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Potholes on roads 'reaching crisis point'
Britain's pothole problem is reaching a critical juncture according to council officials.
The Local Government Association (LGA) has made the claim ahead of next month's Autumn Statement by the Chancellor, where it is feared even more funding will be stripped from councils' road maintenance budgets.
The body has called on the Treasury to increase their investment to repair UK's collapsing road network and improve driving conditions for the country's motorists and car insurance policy holders.
Edmund King, president of the AA, has told The Press Association, "We are extremely concerned about this warning. Potholes are a scourge for all road users, whatever means of transport they are using.
"Cyclists and motorcyclists risk serious injuries, motorists face financial loss and communities can be blighted by potholes. In April, the Government published its pothole review report Prevention - And a Better Cure [but] evidence suggests that not enough prevention is going on due to restricted budgets.
"We need both good practice and adequate long-term, ring-fenced funding to rid us of these damaging defects. If our waterlogged roads suffer heavy freezing this winter, the situation will go from bad to worse."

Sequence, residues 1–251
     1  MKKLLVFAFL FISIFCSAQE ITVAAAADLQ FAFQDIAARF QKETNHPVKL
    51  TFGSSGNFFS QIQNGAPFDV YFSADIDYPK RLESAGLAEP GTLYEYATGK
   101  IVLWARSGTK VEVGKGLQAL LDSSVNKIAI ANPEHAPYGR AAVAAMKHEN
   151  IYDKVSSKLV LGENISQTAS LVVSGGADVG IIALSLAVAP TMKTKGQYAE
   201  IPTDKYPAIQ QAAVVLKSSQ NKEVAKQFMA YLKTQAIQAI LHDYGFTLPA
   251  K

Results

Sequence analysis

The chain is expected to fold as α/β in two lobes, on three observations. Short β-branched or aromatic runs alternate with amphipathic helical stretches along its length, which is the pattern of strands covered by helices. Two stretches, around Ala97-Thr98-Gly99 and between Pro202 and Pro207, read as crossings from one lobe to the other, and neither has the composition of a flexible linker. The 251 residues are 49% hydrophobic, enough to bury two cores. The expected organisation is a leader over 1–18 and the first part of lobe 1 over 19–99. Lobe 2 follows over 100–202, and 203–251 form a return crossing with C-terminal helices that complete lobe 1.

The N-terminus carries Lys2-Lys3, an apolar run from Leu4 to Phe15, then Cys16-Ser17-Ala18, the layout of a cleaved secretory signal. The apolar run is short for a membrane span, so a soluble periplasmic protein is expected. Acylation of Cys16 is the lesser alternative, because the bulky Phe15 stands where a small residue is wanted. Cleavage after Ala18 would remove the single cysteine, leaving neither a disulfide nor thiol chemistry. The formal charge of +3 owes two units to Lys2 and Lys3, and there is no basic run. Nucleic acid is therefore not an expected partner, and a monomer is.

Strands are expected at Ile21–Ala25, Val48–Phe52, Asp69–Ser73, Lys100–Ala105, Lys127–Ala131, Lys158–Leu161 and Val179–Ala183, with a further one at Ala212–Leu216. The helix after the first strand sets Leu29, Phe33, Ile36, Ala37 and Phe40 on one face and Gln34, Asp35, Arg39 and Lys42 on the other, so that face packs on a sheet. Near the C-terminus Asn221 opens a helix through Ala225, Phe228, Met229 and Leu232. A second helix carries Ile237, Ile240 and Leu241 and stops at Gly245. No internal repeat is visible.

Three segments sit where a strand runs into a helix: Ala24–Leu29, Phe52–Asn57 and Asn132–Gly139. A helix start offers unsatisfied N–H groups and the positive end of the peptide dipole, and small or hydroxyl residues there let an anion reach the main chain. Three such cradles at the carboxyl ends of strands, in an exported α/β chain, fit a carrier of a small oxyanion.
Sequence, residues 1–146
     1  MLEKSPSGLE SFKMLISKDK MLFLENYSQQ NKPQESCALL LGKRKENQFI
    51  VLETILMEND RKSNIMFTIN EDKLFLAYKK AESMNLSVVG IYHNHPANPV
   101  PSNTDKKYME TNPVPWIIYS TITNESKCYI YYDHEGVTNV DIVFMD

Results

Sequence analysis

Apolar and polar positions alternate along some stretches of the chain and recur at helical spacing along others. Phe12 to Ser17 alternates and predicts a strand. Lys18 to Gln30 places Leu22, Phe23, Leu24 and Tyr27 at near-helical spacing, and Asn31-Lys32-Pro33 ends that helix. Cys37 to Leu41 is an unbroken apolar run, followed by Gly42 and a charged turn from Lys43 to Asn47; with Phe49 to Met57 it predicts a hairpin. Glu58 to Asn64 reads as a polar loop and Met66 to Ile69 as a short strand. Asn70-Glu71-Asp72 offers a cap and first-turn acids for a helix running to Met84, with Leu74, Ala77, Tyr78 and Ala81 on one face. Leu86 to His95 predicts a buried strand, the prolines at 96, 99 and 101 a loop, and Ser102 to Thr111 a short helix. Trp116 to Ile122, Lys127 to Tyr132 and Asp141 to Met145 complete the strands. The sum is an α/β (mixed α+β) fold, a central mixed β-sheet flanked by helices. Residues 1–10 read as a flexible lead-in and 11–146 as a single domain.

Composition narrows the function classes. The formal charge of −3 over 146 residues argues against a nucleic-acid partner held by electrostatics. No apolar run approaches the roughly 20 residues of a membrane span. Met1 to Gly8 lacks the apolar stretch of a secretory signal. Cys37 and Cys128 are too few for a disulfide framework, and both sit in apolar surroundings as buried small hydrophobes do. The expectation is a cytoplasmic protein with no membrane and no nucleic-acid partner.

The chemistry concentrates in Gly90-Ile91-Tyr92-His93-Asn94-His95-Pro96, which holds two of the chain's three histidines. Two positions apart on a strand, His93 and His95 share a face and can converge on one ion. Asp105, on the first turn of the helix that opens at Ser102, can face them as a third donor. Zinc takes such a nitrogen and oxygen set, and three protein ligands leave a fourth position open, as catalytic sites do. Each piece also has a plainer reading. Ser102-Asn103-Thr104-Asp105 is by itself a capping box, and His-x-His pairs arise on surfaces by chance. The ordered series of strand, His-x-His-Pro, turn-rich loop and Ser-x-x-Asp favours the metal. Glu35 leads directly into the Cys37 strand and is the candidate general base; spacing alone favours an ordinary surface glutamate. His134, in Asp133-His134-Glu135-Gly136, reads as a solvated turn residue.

The LGA has blamed systemic underfunding for the prevalence of potholes on Britain's roads, with the already implemented £442 million reduction in their maintenance budgets meaning many authorities are struggling to even patch up the problem.
The body also warned that if the weather this winter is as severe as in 2010/11 - which caused £600 million worth of damage to the country's roads - the situation could become untenable. The LGA claim that by 2015, local authorities will receive 19 per cent less for road maintenance than they did during this particularly harsh winter.